I had the most interesting day at ‘work’. I have signed back on with my school district to be a part-time consultant helping as a computer coach. Today I worked with a focus group of 26 students from grades 7 to 12 at a local school. We began by sharing video clips of award winning schools that have made great gains by integrating the use of information technology into their classrooms. I wanted to give the students a chance to think outside the box and reach high when we asked them for their ‘wish list’ when it comes to tech in their own rooms.
I have just retired after thirty years teaching in classrooms from grades three to grade twelve. For the last fourteen years I have worked in classrooms that had at least one computer for every three students … in the last ten years I had one computer for every student … At first the computers I used were provided through the Computers for Schools program. That group recycled computers donated by businesses for classroom use. Then, knowing that I was going to retire before my dream of a truly ‘digital classroom’ would happen through official channels I personally sponsored a class set of netbooks. I am SO GLAD I had that opportunity.
Now, as a retiree and the writer of an educational blog (The Classroom Tourist), I get to visit many other schools and classrooms. It is amazing to be able to step back and see the broader picture … to see the ‘wave of change’ spreading throughout our district, our province … heck the world of education. Often this type of change is led by teachers who have a keen interest in trying new strategies on their own. Then they find like minded colleagues to collaborate with. One plus one ends up equaling three … and on it goes.
Today I got to see yet another agent of change in the broader sense – the students. We asked this focus group to share their experiences with information technology in the classroom. We asked for their vision of the ideal classroom and for their advice on how to get there. It was amazing to hear their stories. Not many have had the opportunity to work in a ‘computerized’ classroom … not many at all. But ALL of them are heavily involved in the digital world in their lives outside of class. As the session drew to a close I really could see their common vision of a classroom in which all participants (teachers and students) had instant access to information and tools that kept their work ‘in the cloud’ and easily shared. They offered such practical advice that we can easily miss as the educators (with access to the few machines allowed in the typical classroom)… like having charging stations in each classroom for ANY type of machine… like having all assignments be flexible enough to allow any software (free or purchased) to be useable … and especially allowing them to bring in their OWN digital tools (tablets, laptops, netbooks, ipods, cellphones). They pointed out that many students have their own devices and that this would save the school district so much money. They were concerned that there still be devices available through the school for students who could not afford their own, or for those whose devices were broken or not available. They felt teachers need more training to catch up to what they know how to do. They felt many of their peers would make great ‘computer tutors’ for staff and that they could work at that as a co-op credit or a volunteer opportunity. They were down right practical and insightful and politely honest.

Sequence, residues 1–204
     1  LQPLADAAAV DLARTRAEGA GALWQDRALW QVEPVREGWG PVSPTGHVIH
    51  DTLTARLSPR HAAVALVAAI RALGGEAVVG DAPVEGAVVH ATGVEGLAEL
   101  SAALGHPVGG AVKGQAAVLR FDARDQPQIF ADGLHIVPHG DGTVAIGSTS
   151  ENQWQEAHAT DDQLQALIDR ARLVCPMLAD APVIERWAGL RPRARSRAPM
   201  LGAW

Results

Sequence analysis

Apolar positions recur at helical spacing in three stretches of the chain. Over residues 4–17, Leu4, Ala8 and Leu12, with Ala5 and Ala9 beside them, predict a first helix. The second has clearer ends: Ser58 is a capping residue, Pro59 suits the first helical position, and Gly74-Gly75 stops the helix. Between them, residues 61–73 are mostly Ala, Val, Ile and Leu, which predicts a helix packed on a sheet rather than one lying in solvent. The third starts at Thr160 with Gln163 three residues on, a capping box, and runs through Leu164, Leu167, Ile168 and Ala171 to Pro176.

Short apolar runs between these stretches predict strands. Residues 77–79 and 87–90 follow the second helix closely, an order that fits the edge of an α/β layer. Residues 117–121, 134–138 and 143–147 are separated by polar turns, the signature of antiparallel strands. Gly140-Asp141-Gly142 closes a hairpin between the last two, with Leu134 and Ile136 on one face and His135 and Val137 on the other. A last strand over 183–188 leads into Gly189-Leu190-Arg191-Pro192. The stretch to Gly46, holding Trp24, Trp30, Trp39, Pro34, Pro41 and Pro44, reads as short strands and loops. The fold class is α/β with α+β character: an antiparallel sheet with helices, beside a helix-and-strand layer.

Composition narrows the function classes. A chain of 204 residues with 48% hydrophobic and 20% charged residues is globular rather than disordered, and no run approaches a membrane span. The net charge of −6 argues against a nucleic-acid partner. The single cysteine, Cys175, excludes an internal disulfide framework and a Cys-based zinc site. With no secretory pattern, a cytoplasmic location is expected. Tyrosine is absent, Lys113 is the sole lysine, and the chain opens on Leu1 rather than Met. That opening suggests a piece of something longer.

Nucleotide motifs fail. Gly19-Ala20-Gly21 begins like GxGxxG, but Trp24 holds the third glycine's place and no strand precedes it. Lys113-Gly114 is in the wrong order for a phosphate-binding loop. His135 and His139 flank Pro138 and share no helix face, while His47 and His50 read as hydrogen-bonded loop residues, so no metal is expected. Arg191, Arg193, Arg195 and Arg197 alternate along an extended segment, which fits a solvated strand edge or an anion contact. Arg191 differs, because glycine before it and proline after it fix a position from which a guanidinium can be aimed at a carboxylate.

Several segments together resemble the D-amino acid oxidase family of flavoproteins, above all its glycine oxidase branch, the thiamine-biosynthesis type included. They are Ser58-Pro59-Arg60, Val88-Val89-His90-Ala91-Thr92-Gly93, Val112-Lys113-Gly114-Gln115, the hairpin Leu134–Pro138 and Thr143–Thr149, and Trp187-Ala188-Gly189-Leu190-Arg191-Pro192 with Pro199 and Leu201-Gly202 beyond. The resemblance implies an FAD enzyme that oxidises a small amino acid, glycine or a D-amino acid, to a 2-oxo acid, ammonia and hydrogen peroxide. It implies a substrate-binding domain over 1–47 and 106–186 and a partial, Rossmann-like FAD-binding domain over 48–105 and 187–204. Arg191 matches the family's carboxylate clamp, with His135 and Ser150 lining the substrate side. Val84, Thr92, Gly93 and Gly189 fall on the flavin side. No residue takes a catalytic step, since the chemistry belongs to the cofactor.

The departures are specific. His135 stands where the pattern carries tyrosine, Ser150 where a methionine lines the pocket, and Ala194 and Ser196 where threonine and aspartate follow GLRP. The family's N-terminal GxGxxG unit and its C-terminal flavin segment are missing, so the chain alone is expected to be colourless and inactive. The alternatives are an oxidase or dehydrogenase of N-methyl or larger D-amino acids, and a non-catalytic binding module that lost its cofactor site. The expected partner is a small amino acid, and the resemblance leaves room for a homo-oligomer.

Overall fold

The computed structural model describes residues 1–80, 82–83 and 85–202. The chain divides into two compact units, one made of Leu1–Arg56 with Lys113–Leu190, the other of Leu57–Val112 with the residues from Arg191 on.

I am so thankful for the opportunity to observe such a major shift in educational practice and philosophy. What we have been doing is not bad. Teaching constantly evolves with research and changes in our society. Many of us remember being the students when ‘the new math‘ came into being and our parents had no idea how to help us with homework. Heck, I remember the first tv’s that came into classrooms. Great tall monstrosities on rolling carts with metal doors that closed over black and white screens. There have been shifts in focus in how to teach reading and writing, how to teach problem solving in math and science, the need to teach character education … I have met some colleagues (I have to say few and far between) who tried to avoid change by labelling new ideas as just another ‘bandwagon’. Those ‘wagon trains’ have always been important. We seem to take the best from what new research reveals – translate it into new teaching methods – and then renew our focus to improve in yet more areas. I do think though, that the advent of ‘Bring Your Own Device’ classrooms will be seen as a major change… even though the non-school world has already seen the impact … the classroom reality is about to face a major shift! Exciting!